McEnery, T., Love, R. and Dembry, C. (2014). Words ‘yesterday and today’. ESRC Language Matters: Communication, Culture, and Society. Royal United Services Institute, London, UK. November 2014.

Dembry, C. and Love, R. (2014). Spoken English in Today’s Britain. Cambridge Festival of Ideas. Cambridge University, UK. October 2014.


Team:

Co-Investigator: Tony McEnery

Co-Investigator: Claire Dembry (Cambridge University Press)

Co-Investigator: Andrew Hardie

Senior Research Associate: Vaclav Brezina

Research Student: Robbie Love


Read the latest updates on this project:

  • Introducing a new project with the British Library (21 February 2017)

    Since 2012 the BBC have been working with the British Library to build a collection of intimate conversations from across the UK in the BBC Listening Project. Through its network of local radio stations, and with the help of a travelling recording booth the BBC has captured many conversations of people, who are well known ...

  • Spoken BNC2014 book announcement (5 August 2016)

    We are excited to announce a forthcoming book which will be published as part of the Routledge Advances in Corpus Linguistics series. “Corpus Approaches to Contemporary British Speech: Sociolinguistic Studies of the Spoken BNC2014” (edited by Vaclav Brezina, Robbie Love and Karin Aijmer) will feature a collection of research which is currently being undertaken by ...

  • The Spoken BNC2014 early access projects: Part 4 (16 March 2016)

    In January, we announced the recipients of the Spoken BNC2014 Early Access Data Grants. Over the next several months, they will use exclusive access to the first five million words of Spoken BNC2014 data to carry out a total of thirteen research projects. In this series of blogs, we are excited to share more information about ...

  • The Spoken BNC2014 early access projects: Part 3 (7 March 2016)

    In January, we announced the recipients of the Spoken BNC2014 Early Access Data Grants. Over the next several months, they will use exclusive access to the first five million words of Spoken BNC2014 data to carry out a total of thirteen research projects. In this series of blogs, we are excited to share more information about ...

  • The Spoken BNC2014 early access projects: Part 2 (4 March 2016)

    In January, we announced the recipients of the Spoken BNC2014 Early Access Data Grants. Over the next several months, they will use exclusive access to the first five million words of Spoken BNC2014 data to carry out a total of thirteen research projects. In this series of blogs, we are excited to share more information about ...

  • The Spoken BNC2014 early access projects: Part 1 (1 March 2016)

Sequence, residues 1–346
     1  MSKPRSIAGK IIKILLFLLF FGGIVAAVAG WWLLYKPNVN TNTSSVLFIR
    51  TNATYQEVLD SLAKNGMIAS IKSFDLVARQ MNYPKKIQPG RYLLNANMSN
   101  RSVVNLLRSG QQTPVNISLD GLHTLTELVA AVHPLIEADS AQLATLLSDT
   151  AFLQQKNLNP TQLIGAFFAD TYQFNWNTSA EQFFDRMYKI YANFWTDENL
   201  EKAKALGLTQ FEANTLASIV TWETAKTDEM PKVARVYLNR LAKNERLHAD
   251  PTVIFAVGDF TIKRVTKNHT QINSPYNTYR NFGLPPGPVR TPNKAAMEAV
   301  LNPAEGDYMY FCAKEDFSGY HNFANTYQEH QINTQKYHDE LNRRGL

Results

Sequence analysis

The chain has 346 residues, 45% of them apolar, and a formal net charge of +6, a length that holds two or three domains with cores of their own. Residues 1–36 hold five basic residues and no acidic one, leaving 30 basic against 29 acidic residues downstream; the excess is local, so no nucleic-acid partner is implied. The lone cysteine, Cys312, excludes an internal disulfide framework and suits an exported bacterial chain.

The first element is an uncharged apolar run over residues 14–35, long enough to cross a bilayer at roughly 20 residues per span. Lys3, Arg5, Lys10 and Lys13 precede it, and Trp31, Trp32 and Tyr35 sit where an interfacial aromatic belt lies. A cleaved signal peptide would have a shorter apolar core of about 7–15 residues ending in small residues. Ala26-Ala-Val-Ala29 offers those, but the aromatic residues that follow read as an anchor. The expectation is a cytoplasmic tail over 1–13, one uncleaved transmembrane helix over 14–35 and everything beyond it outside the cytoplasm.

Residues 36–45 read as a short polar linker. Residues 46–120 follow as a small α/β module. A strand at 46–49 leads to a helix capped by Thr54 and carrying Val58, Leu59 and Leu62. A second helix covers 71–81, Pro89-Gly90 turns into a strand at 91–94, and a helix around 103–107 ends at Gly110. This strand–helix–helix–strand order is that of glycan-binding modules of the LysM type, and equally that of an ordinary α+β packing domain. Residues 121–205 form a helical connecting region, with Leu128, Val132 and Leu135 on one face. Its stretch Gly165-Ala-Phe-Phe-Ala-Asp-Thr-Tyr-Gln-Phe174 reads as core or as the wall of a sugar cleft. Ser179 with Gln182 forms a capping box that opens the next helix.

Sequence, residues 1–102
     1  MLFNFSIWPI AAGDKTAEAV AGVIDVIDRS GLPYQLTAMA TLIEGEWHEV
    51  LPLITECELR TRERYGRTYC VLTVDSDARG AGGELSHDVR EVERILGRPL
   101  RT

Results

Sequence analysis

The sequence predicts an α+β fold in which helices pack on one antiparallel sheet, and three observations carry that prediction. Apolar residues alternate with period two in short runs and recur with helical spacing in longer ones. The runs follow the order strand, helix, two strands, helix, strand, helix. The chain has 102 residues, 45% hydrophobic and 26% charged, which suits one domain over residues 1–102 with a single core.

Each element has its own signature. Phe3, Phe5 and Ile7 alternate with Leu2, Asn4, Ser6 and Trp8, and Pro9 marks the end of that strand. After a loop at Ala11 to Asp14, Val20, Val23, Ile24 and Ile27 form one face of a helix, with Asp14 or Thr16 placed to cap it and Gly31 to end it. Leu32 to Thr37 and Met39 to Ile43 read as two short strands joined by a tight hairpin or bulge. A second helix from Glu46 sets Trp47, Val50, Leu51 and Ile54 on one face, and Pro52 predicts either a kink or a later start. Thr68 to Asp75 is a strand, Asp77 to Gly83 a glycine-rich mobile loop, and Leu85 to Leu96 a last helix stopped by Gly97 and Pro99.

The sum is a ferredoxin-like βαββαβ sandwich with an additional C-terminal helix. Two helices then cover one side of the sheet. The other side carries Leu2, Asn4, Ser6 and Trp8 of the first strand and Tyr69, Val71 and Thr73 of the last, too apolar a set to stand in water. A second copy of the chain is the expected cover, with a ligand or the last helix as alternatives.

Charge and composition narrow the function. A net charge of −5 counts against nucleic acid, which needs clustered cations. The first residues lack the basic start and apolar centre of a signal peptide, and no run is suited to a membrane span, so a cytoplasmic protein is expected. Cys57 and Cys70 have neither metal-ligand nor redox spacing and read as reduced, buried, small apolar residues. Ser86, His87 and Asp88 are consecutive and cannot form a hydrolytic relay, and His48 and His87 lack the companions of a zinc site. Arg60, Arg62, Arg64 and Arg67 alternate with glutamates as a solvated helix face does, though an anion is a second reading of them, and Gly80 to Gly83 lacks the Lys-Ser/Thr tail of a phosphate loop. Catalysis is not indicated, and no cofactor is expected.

In January, we announced the recipients of the Spoken BNC2014 Early Access Data Grants. Over the next several months, they will use exclusive access to the first five million words of Spoken BNC2014 data to carry out a total of thirteen research projects. In this series of blogs, we are excited to share more information about ...

  • What’s wrong with “a bunch of migrants”? Looking at the linguistic evidence (28 January 2016)

    This week at Prime Minister’s Questions, David Cameron used the term “a bunch of migrants” to describe refugees at a camp in Calais. He was subsequently criticised by Labour MPs and members of the general public on Twitter, and the story was reported on in mainstream newspapers like the Guardian and the Telegraph. Critics described ...

  • Spoken BNC2014 Early Access Data Grant Scheme – winning proposals (13 January 2016)

    Lancaster University’s ESRC funded Centre for Corpus Approaches to Social Science (CASS) and Cambridge University Press are pleased to announce the recipients of the Spoken BNC2014 Early Access Data Grants. These successful applicants will receive exclusive early access to approximately five million words of the Spoken BNC2014 via CQPweb. They will be the first to ...

  • Spoken BNC2014 Early Access Data Grant Scheme – Applications now open (5 November 2015)

    Lancaster University’s ESRC funded Centre for Corpus Approaches to Social Science (CASS) and Cambridge University Press are excited to announce the Spoken British National Corpus 2014 Early Access Data Grant scheme. Applications are now open for researchers at any level in the field of corpus linguistics and beyond to gain early access to a large subset ...

  • The Spoken British National Corpus 2014 – project update (11 August 2015)

    It has been little over a year since CASS and Cambridge University Press announced a collaboration to compile a successor to the spoken component of the British National Corpus, the Spoken BNC2014. This will be the largest corpus of spoken British English since the original, with the advantage of being collected in the 2010s rather ...